Unfortunately, many hazardous substances blend in around us. They emit no foul odors and, unlike the movies, don't glow bright green. Here are some of the most common contaminants found in houses:

  • Asbestos was once used in extensively in siding, floor tiles, joint compound, and pipe insulation. It's dangerous only if disturbed, and then it releases tiny particles into the air. These abrasive particles are easily breathed and damage lung tissue. Do not cut, sand, or handle materials that might contain asbestos. If you need to remove asbestos product, hire an abatement contractor.
  • Lead was used in paint, water pipes, and pipe solder. Lead-based paint becomes hazardous when it chips off and turns to dust and gets inhaled or swallowed. Exposed paint predating 1978 should be painted over, and lead pipes should be replaced. Soldered copper joints present little danger, but new plumbing should be installed with a lead-free solder.
  • Formaldehyde is a gas emitted by many building and furnishing components-particle board and foam, for example. Some people are sensitive to the gas and experience coughing, headaches, dizziness, and nausea. Formaldehyde content is now enforced by federal standards. Fortunately, emissions decrease over time. If you suffer from these symptoms, call your local state health department for an air test.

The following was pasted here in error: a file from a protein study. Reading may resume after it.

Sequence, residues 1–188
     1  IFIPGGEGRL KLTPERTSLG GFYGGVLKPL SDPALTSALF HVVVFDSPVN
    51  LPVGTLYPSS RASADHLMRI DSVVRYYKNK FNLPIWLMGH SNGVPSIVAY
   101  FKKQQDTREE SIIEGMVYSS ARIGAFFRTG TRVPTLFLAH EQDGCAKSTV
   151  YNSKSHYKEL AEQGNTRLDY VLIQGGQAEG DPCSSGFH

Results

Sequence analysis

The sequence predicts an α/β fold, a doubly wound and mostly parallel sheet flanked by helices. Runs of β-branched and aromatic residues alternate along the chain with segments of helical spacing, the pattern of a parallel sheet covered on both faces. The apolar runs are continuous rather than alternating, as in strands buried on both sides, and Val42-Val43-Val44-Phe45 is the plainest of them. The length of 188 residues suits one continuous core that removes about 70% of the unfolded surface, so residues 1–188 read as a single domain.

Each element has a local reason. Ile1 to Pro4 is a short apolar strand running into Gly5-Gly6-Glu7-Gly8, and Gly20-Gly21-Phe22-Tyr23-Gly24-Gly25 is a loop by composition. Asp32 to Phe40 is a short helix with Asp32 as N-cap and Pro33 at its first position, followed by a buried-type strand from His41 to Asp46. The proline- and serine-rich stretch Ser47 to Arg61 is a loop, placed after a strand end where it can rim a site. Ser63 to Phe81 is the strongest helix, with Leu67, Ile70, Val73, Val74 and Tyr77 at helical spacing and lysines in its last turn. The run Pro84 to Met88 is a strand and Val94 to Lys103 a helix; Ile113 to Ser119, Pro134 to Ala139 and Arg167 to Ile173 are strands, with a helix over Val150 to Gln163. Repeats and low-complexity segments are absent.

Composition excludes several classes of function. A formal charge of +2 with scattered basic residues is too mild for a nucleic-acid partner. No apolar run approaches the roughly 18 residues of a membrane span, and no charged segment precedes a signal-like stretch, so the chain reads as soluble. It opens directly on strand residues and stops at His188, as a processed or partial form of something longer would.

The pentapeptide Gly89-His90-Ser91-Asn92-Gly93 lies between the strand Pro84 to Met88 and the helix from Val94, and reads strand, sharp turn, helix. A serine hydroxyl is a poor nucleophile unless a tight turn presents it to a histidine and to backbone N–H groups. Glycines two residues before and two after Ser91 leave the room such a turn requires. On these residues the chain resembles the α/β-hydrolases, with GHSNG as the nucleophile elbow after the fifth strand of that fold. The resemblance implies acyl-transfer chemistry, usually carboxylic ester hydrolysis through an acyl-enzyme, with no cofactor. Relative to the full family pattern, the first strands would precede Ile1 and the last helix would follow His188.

• Carbon monoxide is an odorless and deadly gas produced by combustion sources, such as furnaces and water heaters, fireplaces, and automobiles. Brief exposure to the gas can cause a sore throat, headache, or drowsiness; long-term exposure can be fatal. The best way to safeguard against CO2 is to install carbon monoxide detectors near combustion appliances, fireplaces, and the door to an attached garage.

Disposing of Hazardous Waste

          Waste management guidelines vary considerably from community to community. Before you dispose of anything that you think might be hazardous, check with a local source.